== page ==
Education and the workplace is changing. So how do we recognize and value the way we learn today? Digital badges are evolving into a key credentialing and assessment tool for our times. They have evolved from what were originally static images, to a tool used for capturing and communicating knowledge.
My digital badge based professional learning platform has provided teachers with a place where they can learn, experiment, grow, and be challenged. Their skill mastery is acknowledged with a digital badging system. Teachers are recognized for skills they acquire during the school year by completing tasks outlined on the platform. Registered users can learn what they want to learn, when they want to learn it. It is my hope that this sustained professional learning initiative will prepare educators to fully leverage the potential for mastering digital age skills embodied in the ISTE Standards for Teachers as well as the seamless integration of technology addressed in the Common Core.
Since its launch, last October, many districts, organizations, institutions, have reached out to me for advice and guidance for creating their own digital badge based platforms. It thrills me to see that people are recognizing there is a need for a more modern credentialing system- one that tells the complete story of a learner. But having your own digital badge based system is only one piece of the puzzle.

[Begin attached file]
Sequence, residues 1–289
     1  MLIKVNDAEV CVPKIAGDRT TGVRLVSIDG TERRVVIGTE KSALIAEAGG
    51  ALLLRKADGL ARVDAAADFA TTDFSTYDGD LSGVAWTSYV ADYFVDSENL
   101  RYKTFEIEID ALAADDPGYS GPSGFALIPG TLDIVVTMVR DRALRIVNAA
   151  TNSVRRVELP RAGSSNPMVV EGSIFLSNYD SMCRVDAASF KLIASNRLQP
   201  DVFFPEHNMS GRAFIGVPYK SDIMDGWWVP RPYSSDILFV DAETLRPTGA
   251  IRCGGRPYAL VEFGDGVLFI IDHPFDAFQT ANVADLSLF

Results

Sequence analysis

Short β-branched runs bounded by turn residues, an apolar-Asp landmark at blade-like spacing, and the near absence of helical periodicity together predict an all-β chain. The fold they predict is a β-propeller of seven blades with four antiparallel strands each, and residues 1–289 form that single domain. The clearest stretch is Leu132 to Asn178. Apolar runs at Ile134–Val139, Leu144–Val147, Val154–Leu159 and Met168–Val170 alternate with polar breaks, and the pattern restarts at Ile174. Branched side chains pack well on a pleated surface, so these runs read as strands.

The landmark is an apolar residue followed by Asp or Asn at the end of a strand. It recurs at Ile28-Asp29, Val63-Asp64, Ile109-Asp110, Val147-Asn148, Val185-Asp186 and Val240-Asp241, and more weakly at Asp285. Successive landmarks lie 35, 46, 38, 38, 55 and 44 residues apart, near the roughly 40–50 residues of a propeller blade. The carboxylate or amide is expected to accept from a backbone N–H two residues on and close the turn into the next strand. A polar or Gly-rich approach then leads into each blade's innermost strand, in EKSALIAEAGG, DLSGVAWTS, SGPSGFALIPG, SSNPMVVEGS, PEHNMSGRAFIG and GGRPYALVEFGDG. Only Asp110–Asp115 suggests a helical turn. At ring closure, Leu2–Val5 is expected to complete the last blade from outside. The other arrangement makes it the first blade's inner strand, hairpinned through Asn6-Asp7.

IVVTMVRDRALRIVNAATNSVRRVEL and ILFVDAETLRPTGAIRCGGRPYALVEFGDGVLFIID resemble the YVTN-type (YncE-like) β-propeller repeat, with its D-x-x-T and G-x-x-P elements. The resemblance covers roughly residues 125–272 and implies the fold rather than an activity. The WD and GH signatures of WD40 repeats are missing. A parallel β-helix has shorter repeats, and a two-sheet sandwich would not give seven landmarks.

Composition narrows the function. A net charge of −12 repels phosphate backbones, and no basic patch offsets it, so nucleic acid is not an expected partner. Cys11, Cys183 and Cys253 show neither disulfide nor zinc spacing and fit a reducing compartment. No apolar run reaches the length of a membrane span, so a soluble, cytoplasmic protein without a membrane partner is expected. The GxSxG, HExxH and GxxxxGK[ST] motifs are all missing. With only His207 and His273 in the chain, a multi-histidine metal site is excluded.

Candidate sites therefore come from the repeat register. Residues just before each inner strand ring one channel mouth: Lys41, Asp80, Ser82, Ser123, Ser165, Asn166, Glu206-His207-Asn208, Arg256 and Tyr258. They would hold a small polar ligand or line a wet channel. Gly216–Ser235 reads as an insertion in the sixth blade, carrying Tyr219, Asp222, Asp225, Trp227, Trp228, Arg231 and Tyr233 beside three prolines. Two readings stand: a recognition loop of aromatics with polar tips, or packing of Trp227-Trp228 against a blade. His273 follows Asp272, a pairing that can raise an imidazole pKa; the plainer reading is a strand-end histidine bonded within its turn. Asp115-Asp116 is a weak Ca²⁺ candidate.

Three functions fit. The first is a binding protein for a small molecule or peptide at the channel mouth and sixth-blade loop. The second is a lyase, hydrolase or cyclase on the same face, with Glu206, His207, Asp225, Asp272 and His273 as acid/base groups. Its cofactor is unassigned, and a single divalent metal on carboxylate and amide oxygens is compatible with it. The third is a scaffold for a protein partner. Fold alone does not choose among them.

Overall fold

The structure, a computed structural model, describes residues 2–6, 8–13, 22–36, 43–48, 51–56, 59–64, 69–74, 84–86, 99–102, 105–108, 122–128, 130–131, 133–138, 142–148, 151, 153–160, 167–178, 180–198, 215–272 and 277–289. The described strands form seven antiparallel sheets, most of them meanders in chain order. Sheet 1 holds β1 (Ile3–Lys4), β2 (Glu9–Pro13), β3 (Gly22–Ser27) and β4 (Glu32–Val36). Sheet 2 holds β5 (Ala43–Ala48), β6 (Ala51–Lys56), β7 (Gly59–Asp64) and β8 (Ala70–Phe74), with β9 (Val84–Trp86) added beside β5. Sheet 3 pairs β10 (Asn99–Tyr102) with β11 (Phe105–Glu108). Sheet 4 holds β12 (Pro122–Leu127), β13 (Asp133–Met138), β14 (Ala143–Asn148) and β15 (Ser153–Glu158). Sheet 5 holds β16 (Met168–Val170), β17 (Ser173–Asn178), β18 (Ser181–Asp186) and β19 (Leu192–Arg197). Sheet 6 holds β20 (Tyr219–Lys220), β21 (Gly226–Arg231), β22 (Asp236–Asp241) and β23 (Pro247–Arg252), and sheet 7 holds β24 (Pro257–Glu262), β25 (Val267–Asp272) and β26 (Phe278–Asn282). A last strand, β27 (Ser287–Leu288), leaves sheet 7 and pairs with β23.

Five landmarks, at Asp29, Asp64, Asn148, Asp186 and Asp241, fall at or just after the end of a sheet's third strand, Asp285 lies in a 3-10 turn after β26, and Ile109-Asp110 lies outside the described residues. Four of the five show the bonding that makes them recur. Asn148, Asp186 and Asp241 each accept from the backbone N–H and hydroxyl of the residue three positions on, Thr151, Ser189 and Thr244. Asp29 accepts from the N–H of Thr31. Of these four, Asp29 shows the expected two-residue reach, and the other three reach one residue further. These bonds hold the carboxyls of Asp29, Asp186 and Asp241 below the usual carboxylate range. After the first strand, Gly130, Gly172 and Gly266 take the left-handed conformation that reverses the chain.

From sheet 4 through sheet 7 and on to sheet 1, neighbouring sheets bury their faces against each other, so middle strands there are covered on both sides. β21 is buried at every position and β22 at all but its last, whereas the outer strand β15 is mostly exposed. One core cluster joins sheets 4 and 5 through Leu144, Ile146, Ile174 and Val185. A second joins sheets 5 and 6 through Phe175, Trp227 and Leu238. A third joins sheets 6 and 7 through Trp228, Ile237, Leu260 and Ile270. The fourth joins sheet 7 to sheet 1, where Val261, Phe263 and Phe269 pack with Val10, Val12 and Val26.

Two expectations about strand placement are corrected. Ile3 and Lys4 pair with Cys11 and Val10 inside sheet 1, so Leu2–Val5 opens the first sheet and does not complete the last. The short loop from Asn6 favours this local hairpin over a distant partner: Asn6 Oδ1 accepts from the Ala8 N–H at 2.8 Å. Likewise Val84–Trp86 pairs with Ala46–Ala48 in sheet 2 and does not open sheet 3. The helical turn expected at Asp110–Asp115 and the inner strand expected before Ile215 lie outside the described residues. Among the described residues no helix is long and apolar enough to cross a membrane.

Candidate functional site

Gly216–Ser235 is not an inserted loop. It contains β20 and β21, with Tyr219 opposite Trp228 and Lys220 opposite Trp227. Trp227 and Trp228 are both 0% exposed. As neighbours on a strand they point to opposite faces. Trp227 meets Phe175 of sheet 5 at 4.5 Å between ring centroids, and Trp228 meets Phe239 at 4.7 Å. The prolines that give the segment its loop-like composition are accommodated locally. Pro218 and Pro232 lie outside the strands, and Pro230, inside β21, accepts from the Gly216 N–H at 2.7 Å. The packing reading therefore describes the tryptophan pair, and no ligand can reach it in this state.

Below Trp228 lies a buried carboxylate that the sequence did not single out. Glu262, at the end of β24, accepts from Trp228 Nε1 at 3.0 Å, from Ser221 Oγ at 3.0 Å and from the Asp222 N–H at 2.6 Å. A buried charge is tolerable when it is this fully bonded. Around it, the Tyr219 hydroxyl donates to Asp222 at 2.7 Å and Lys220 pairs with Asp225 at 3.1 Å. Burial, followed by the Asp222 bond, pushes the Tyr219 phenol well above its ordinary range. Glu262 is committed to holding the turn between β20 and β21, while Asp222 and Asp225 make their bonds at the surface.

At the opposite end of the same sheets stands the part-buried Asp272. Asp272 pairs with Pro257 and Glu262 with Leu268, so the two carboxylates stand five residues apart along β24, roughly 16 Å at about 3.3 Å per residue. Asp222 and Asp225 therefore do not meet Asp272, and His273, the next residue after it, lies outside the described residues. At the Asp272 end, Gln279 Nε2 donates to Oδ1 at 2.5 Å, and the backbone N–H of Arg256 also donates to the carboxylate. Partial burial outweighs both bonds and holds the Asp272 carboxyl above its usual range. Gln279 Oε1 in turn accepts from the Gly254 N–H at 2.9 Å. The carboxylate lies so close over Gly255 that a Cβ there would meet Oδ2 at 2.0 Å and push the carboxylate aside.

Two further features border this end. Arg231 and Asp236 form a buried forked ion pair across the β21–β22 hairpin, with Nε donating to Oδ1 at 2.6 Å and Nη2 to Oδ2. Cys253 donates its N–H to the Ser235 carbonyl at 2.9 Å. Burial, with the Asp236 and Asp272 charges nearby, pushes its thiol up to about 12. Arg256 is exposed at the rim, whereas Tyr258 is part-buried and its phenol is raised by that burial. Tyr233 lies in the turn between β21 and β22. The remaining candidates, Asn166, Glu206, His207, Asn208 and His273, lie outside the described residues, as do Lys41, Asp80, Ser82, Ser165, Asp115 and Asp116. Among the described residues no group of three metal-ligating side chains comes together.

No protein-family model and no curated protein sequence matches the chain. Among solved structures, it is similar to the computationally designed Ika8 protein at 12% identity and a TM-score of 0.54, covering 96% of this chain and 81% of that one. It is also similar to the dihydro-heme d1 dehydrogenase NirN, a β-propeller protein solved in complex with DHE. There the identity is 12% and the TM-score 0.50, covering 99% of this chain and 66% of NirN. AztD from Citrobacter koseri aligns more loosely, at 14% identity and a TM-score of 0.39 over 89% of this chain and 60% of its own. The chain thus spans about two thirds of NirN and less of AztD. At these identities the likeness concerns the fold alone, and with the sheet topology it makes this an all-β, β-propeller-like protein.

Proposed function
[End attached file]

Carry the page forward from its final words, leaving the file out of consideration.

For any badging initiative to flourish, you must have all of ALL of the components of a digital badge ecosystem.
These components include badge issuers, badge earners and badge consumers.
• Badge issuers, which are individuals, schools, employers, institutions, communities, or groups that create credentials to demonstrate mastery of skills and achievements;
• Badge earners, who are individuals who want to demonstrate their achievements to various audiences; and
• Badge consumers, which are education providers, individuals, employers, communities, or other groups that are looking for people who possess the skills or achievements symbolized by a badge.
The badge consumer piece is often the one I see is overlooked and that cause badge issuers to feel frustrated in getting their digital badging initiatives off the ground. While badge consumers can be colleges, universities and companies, it also can be much more granular at a district or organizational level. In some cases, an issuer may also be the consumer and this might mean your own school, organization or district. For example, although our digital badge platform is designed to encourage, support and acknowledge the informal learning of teachers and while many of them have embraced this in principle alone, for others the hook has been using these informal badges in formal ways. Many of our teachers have chosen to use their earned badges as artifacts in our teacher evaluation system or as evidence in their Professional Growth Plan. Badge earners need to feel motivated to earn badges.